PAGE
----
There were also several instances which conclusively revealed his freezer drawer jutting out and preventing the door closing. He denied any awareness. Mind on higher things.

I became tired of trying to consume all my carefully baked and frozen cakes, assorted produce and leftovers in one day. I installed a temperature alarm. The problem didn’t recur, but Father frequently swore at the continual beeping while he stood for 20 minutes with the door wide open, restocking his provisions.

——

He perpetuated an irrational war on insect invaders. He was usually more successful with stealth tactics, picking them off individually, as with the ants. Yet they had their revenge. Swatting flies often resulted in disorder and destruction around the battlefield, and many distant expletives.

The crushing of large spiders was the greatest folly, however. He would leap out of bed late at night and fall into a crouch, poised over the skirting with a carefully funnelled paper towel to absorb the blood—rather like gravy actually—and collect the carcass.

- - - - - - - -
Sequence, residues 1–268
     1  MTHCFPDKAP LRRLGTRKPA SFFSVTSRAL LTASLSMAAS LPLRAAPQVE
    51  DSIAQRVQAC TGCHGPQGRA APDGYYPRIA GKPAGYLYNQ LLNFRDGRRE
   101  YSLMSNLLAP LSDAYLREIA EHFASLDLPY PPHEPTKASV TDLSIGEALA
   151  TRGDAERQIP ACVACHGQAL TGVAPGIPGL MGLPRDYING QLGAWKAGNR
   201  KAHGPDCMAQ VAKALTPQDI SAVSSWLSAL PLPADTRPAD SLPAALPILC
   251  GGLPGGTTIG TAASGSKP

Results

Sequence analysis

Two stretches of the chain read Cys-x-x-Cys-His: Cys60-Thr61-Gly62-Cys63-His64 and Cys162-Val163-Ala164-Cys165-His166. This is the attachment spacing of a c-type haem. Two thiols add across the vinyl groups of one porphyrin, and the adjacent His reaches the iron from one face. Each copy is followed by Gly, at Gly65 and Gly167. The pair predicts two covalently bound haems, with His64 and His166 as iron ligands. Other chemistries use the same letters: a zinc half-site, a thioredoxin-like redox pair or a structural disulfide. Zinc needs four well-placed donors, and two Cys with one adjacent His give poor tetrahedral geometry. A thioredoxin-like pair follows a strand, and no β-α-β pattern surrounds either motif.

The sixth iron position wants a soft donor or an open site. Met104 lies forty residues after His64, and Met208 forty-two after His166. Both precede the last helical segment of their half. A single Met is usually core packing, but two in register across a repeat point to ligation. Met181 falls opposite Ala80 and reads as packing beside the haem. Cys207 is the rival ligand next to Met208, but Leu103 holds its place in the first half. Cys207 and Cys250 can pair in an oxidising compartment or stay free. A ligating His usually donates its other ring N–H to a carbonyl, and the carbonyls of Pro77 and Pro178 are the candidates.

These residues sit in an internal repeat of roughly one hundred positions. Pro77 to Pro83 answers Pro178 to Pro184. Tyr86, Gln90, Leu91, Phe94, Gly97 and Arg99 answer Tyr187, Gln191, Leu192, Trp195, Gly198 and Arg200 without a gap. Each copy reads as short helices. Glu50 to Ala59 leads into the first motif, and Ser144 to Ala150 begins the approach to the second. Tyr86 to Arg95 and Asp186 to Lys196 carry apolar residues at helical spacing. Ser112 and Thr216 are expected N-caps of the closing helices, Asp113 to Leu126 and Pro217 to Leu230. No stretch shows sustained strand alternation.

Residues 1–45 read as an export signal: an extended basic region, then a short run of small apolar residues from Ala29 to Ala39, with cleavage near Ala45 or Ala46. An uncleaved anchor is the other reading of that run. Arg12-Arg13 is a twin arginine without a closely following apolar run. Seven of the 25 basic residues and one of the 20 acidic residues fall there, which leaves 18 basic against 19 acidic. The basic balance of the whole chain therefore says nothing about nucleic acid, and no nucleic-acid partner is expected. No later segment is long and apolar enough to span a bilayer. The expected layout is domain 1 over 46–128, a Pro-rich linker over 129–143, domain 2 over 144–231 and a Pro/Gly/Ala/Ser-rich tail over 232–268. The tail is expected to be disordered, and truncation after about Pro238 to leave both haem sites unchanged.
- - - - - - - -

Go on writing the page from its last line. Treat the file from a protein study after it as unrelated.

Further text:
This sudden rush of activity and change of attitude from the horizontal unfortunately upset his balance. With the spider looking on, Father slowly somersaulted backward across the carpet and came to rest against the bed, woefully disoriented. Defeat was admitted pro tem until his blood pressure and proprioception returned to operational levels.

——

One morning I was surprised to find him at breakfast before me. He was already chuckling at his prepared report.

“Upon waking, I looked at the clock, which said 8AM, so I leapt out of bed. Having been through my bathroom routine, I returned to collect my supper plate, and saw that it was in fact 6AM. I shall be ahead of myself all day!”

——

Meanwhile Father’s stock control methodology became extreme ‘just-in-case’. This was ironic at the same time that mine became conversely extreme ‘just-in-time’ to reduce wastage during Father episodes or power-cuts. As my space requirement diminished, he filled any additional available fridge space. However, like the counter tops, unused packets inevitably migrated backward and coalesced like a layer of sediment beginning its geological phase.